What is Google’s algorithm?
Google’s algorithm is a complex system used to retrieve and rank search results, determining which web pages best suit a user’s search query.
Why does Google update its algorithm?
Originally, Google only made occasional updates to its algorithm. However, they now make thousands of changes each year to ensure they provide users with the most useful and positive experience.
Though Google’s updates are kept relatively private, in order to prevent spam and black hat SEO tactics, the updates may:
- Improve the way Google comprehends language
- Develop new features
- Enhance Google’s ability to determine webpage quality
- Help Google determine a user’s search intent
Some major algorithm updates
Many of the updates Google makes to its algorithm are so small they go completely unnoticed. However, occasionally it makes major updates, such as:
The Florida Update
The Florida update was Google’s very first update, released in November 2003. It was mainly implemented to prevent the overuse of keywords. Previously, online stores would often stuff their websites with keywords, often in a text that was the same colour as the page’s background, so that they weren’t visible to a casual user. The update had a major impact on websites selling products and services, including retail stores and hotels.
The next significant update to Google’s algorithm was made in 2005. It had a negative impact on newer websites and positively affected more established ones. It also tackled sites using black-hat SEO tactics, such as hoarding backlinks, spamming keywords and spreading the same content across multiple domains.
Panda was a major algorithm update. It assigned a ‘quality score’ to websites and mainly affected those with low backlink profiles or those that contained duplicate content. These web pages were penalised and began to rank lower in search engine results.
The 2012 Penguin algorithm update targeted spam, primarily link spam and black hat link building. Prior to the update, the volume of links a website contained played a critical role in its ranking. This allowed poor-quality websites to hoard links and achieve positive search engine results, despite containing low-quality content. Penguin worked to ensure that high-quality, optimised and organic websites were rewarded in the algorithm while these spam websites were penalised.
In 2012, Google also released their Pirate update. This targeted pirated content and copyright infringements. Websites that were known for distributing pirated content, or those that had received multiple copyright infringement notices, were prevented from ranking high in search engine results.
The Hummingbird algorithm update, which was announced in September 2013, impacted the majority of web searches and influenced how users engaged with search results. It took human intent into account – allowing users to search for longer, more conversational queries and still receive relevant results. This meant that users didn’t require background knowledge on a subject before making a search.
In 2014, Google released its Pigeon algorithm update, which worked to improve local search results. It impacted businesses globally and rewarded local businesses that had a strong presence online. It made updates to its location and distance proximity rankings, making them more accurate and able to perform wider searches. It also meant that local search results would appear in order of proximity to the user.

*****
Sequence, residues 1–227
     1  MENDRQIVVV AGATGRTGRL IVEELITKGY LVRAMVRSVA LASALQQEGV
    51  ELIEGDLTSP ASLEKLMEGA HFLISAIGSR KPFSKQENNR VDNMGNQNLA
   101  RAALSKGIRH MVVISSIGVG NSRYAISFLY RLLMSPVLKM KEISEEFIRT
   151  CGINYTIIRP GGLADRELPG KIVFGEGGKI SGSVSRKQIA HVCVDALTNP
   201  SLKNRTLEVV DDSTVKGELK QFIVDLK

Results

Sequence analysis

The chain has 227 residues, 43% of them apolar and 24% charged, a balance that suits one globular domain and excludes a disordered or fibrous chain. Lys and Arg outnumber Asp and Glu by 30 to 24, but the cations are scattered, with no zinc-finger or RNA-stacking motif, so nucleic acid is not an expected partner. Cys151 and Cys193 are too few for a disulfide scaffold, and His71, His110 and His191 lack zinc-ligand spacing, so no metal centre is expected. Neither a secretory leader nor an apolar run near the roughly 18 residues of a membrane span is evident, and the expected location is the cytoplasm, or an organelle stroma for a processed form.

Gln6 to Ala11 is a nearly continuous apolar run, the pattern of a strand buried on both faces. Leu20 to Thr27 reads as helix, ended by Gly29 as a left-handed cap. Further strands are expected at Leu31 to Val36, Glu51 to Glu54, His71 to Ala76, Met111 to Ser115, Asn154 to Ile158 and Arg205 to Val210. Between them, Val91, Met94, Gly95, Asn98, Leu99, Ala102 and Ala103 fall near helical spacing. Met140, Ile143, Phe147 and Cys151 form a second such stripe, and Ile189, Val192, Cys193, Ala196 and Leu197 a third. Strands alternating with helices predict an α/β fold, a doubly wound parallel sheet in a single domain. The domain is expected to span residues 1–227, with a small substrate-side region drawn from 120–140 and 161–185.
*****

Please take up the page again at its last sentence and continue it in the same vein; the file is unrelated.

The 2019 Bert update rewarded good writing while ensuring that poorly written content ranked lower in search results.
In June of 2021, Google released its first core update of the year. A core update refers to general changes in Google’s algorithms and systems that may cause notable fluctuations in search results. It included a list of updates to its algorithm, including spam updates and an update that aimed to “employ exploitative removals practices”. They did not provide further details on what spam was being targeted. The next core update was rolled out in November and rolled out through Thanksgiving, Black Friday and Cyber Monday.
In July, Google rolled out the desktop version of the page experience update. This update contained all the same signals as the mobile version, except for the page needing to be mobile-friendly. Next, the Product Algorithm Update released in March allowed for the identification of high-quality reviews. Product reviews identified as high-quality would be rewarded with better rankings. Google stated that helpful and detailed reviews containing unique information and coming from people who have used the product would be the key criteria for high-quality reviews.
The broad core update released in May was part of a series of updates to the overall ranking process. This update was the first core update in more than six months and was designed to improve the overall search functionality. Similarly, the Helpful Content update was launched in August as a means to help people find original and helpful content. Helpful content will be rewarded with better rankings, while below-average content may not perform as well.
What do algorithm changes mean for businesses?
As Google is regularly updating and improving its algorithm, businesses need to stay on top of their strategies, constantly fine-tuning and fixing their techniques to ensure that websites and businesses remain relevant and don’t get left behind.
If you have any questions or would like to learn more about how Google Algorithm Changes may impact your website’s search engine rankings, please don’t hesitate to get in touch with us. Our team of SEO experts is here to assist you and help your business succeed online.